Timothy B. Schmit at the Saban Theatre

The Sunday before last, I saw Timothy B. Schmit play in the tiny, art deco Saban Theatre in Beverly Hills. Although I’ve waited a while to write about it, I want to do so now. It was a sweet, lighthearted show, uplifting in a way I didn’t realize I needed.


Timothy B. Schmit, famous as a member of my favorite band, the Eagles, was a member of Poco, another favorite, before that, and, as I learned at the concert, his solo work is just as good as anything else he’s done. He played songs from nearly every era of his career, including favorites like the Eagles’ “I Can’t Tell You Why” and Poco’s “Keep On Tryin,'” new favorites like “All Those Faces,” and songs that, for inexplicable reasons, are not inordinately famous, like “White Boy From Sacramento.”

Quick note on “White Boy From Sacramento.” This song made a guy across the aisle from me intensely, vocally¬†angry. I’m guessing it was the line “I dig surf music ‘cuz it’s so bitchin'” that pushed him over the edge. But this song and Timothy Schmit’s performance of it, as he pokes fun at himself with such good humor, is a great example of what I mean when I say this concert was sweet, lighthearted, and uplifting.

Timothy is funny, and he seems to know it. “You guys’ll laugh at anything,” he said, eliciting another laugh. There’s more to it than that though.He has this effusive, positive energy, and he’s a light on stage, kicking his feet, all but bouncing, bringing smiles to my face even when he wasn’t being funny. If this concert was anything to judge by, Timothy B. Schmit really enjoys what he does for a living, and his voice is just as pretty as ever.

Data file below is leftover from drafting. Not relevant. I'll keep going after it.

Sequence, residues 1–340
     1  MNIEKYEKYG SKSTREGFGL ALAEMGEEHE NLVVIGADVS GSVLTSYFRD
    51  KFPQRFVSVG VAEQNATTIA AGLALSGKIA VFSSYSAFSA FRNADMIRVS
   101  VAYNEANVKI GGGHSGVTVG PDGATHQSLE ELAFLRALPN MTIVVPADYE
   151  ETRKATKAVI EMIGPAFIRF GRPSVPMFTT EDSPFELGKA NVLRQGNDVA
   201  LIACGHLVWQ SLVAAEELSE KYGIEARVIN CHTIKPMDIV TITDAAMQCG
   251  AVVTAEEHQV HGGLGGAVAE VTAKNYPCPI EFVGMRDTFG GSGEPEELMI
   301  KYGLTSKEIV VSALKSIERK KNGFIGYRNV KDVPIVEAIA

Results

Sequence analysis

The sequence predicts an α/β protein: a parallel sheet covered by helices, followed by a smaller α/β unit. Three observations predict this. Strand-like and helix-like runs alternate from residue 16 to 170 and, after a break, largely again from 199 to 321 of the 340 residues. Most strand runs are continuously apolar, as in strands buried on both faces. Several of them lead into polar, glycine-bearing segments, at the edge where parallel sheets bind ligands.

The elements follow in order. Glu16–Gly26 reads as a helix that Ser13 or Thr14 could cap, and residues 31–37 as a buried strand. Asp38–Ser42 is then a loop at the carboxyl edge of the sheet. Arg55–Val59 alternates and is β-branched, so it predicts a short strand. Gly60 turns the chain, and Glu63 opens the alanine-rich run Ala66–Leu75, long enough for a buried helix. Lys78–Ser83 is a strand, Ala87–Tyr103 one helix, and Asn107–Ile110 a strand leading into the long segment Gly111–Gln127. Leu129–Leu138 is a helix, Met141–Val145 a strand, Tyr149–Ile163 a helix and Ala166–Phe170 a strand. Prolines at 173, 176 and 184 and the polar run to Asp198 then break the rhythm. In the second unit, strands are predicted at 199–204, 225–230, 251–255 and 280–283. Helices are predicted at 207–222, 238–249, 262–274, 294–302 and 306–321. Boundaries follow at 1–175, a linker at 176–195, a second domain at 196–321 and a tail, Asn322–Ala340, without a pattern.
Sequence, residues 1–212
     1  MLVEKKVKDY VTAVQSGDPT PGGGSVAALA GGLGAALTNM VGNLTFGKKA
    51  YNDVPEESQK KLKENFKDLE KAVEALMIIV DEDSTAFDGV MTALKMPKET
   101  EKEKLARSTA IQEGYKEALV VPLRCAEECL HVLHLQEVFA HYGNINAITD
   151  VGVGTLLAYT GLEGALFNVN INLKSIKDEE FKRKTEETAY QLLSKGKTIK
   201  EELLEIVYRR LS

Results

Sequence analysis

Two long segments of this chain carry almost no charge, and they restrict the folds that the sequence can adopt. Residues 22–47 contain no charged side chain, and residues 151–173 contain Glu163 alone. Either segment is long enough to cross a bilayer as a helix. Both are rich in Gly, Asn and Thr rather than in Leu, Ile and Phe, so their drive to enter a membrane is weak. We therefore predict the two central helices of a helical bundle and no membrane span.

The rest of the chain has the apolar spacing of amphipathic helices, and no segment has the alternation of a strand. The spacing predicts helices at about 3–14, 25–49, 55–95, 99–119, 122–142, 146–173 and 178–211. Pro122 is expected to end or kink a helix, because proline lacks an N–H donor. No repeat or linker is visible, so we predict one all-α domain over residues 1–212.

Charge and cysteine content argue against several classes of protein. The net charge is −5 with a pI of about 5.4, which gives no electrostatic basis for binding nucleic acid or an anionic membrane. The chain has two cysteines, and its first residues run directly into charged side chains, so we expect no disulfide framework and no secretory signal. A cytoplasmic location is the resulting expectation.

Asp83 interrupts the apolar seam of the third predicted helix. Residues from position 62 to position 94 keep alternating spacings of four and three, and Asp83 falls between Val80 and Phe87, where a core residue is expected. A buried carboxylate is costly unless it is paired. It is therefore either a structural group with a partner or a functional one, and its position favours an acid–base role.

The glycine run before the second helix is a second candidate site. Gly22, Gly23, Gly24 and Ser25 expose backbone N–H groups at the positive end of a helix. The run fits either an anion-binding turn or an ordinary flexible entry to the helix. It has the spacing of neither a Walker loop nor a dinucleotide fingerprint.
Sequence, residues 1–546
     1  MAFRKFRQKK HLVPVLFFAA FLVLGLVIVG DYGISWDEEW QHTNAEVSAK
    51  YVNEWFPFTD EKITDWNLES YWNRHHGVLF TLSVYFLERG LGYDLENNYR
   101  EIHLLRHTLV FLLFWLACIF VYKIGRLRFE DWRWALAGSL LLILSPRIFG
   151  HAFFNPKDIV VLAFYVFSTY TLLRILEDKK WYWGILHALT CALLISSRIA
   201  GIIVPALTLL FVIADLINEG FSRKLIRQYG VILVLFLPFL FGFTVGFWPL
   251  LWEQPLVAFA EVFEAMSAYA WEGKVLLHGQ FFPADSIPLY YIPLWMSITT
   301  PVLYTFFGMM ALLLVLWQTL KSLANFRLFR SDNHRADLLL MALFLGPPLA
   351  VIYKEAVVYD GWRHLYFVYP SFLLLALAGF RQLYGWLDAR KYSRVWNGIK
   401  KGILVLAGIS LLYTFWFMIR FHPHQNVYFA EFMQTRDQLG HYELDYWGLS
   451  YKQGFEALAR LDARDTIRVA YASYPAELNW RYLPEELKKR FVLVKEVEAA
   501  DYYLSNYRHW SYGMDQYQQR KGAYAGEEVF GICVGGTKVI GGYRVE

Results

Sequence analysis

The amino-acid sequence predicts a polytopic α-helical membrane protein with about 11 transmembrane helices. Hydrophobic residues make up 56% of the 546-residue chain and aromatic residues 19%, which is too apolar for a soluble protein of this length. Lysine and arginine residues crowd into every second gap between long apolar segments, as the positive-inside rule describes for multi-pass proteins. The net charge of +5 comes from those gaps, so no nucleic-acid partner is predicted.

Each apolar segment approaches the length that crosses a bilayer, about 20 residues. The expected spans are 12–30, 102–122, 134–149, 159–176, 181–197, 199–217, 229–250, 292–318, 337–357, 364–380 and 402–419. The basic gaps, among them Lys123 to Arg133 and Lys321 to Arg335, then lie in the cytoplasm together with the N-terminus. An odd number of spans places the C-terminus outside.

This concert made me remember what I love about live music. Even after Eric Clapton’s iconic performance in September, I was letting the more stressful elements of my life wear down my enthusiasm for music. This concert made me happy again; it let me escape from my life for a few hours, and isn’t that the beauty of music?

It was sweet, as well, to see Timothy Schmit’s relationship with former Poco bandmate Richie Furay, who opened for him. Timothy seemed so grateful to have Richie open for him and humbled, as he put it, to have his former mentor open one of his shows. As the show wrapped up, Timothy had Richie come onstage again, respectfully giving Richie the honor of closing the show too.

After the show, in a move that is far out of character for me, I went up to the stage and asked the stagehands for a setlist. The lesson I learned from this experience is that when you ask for a Timothy B. Schmit setlist, if the first person says no, you just have stand there for long enough, and someone will eventually rip a setlist off Hank Linderman’s amp and hand it to you.


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